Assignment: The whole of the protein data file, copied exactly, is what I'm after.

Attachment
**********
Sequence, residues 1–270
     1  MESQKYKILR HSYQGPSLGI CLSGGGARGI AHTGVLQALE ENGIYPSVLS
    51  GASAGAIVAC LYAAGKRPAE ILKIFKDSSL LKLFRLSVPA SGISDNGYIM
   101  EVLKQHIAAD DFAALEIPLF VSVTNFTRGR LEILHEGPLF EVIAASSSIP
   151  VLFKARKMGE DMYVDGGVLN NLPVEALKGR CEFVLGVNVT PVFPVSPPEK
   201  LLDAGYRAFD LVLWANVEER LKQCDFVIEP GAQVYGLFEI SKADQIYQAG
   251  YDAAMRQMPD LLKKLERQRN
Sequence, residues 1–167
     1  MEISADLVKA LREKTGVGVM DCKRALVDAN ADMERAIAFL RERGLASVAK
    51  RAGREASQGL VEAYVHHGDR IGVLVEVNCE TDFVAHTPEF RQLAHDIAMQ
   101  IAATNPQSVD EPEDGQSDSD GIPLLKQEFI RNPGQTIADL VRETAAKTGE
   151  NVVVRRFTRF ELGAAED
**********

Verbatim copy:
Sequence, residues 1–270
     1  MESQKYKILR HSYQGPSLGI CLSGGGARGI AHTGVLQALE ENGIYPSVLS
    51  GASAGAIVAC LYAAGKRPAE ILKIFKDSSL LKLFRLSVPA SGISDNGYIM
   101  EVLKQHIAAD DFAALEIPLF VSVTNFTRGR LEILHEGPLF EVIAASSSIP
   151  VLFKARKMGE DMYVDGGVLN NLPVEALKGR CEFVLGVNVT PVFPVSPPEK
   201  LLDAGYRAFD LVLWANVEER LKQCDFVIEP GAQVYGLFEI SKADQIYQAG
   251  YDAAMRQMPD LLKKLERQRN
Sequence, residues 1–167
     1  MEISADLVKA LREKTGVGVM DCKRALVDAN ADMERAIAFL RERGLASVAK
    51  RAGREASQGL VEAYVHHGDR IGVLVEVNCE TDFVAHTPEF RQLAHDIAMQ
   101  IAATNPQSVD EPEDGQSDSD GIPLLKQEFI RNPGQTIADL VRETAAKTGE
   151  NVVVRRFTRF ELGAAED